Interview with Dean Wallace & The Black Flames

Today, I sat down with Dean Wallace & The Black Flames to talk their inspiration to write music, our love for James Hetfield (Papa Het 4 Life), and much more! Be sure to check out the music from Dean Wallace & The Black Flames on Spotify below after the interview!


What is your inspiration to write your music? Is it your surroundings?
My surroundings, and especially what’s going on in the world is my main inspiration for the lyrics. The world is changing fast, and everybody has an opinion on everything. It gives me a lot to say about. I also like to write about myself, my weaknesses, my fears… Writing music is more of an inner process. It comes from all the emotions I couldn’t externalize, that’s why my music can be joyful, sad, angry… To me, music and art in general is a way to materialize and share emotions.
What type of music did you listen to growing up? 
From 7 to 13, I was a fan of Michael Jackson. My father was a big fan of Pink Floyd, so I heard their music quite often in the house. At 13, I fell in love with Metallica overnight, after watching a documentary on MTV. My brother had all their albums, so I started to dig into their music relentlessly, from Kill’em All (1981) to ReLoad (1997). I’ve been listening to a lot of Iron Maiden, Megadeth and Pantera as well. The more funky and prog bands came later (Dream Theater, Queen, Red Hot Chili Peppers, Foo Fighters).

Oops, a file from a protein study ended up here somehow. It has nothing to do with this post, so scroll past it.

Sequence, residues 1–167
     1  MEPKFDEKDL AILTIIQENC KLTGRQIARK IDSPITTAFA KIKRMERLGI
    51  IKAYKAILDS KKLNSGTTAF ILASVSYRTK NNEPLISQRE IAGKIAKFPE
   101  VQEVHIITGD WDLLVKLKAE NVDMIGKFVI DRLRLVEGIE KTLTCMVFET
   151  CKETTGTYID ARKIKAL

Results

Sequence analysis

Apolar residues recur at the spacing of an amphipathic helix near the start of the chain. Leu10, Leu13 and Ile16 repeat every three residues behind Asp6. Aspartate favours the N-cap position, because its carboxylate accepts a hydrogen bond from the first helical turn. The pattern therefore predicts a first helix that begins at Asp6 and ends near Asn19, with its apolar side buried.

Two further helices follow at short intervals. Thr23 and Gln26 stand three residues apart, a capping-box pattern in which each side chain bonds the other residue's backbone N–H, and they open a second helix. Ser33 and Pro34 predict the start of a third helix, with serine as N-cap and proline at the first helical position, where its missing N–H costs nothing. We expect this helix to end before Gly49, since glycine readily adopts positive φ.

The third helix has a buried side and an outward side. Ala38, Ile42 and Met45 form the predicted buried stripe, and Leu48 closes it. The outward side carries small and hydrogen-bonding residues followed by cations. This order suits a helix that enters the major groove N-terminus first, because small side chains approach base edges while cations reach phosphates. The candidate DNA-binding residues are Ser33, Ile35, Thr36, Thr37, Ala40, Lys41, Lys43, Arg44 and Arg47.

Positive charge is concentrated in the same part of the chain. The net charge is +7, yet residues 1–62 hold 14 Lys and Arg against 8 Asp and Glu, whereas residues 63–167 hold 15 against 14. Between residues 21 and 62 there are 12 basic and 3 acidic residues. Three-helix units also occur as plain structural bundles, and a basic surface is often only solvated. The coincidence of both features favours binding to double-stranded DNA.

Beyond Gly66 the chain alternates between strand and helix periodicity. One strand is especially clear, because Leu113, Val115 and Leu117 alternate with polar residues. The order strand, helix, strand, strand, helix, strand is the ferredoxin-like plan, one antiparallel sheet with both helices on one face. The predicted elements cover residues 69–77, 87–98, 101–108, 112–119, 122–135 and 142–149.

Is there someone you looked up as a hero? 
James Hetfield, definitely. I have a huge respect and admiration for this man. He’s a great songwriter, and one of the best frontman ever. For the same reasons, I’m also a big fan of Freddy Mercury. I admire his devotion to music, the way he kept on writing and singing until his last breath.
If you weren’t a musician, what would you be doing today? 
As a teenager, I wanted to become an helicopter pilot, in the high mountain rescue squad. I don’t know if I would have made it, but it’s the path I would have followed without music.
What advice do you have for our fans out there that want to create music? 
Be honest and be yourself. It’s the only way to obtain a very original and unique sound. And I would suggest not to involve too many people in the creative process. Having one or two people you trust is always good to get an external point of view, but compromising and trying to please everyone is kind of a rabbit hole to me.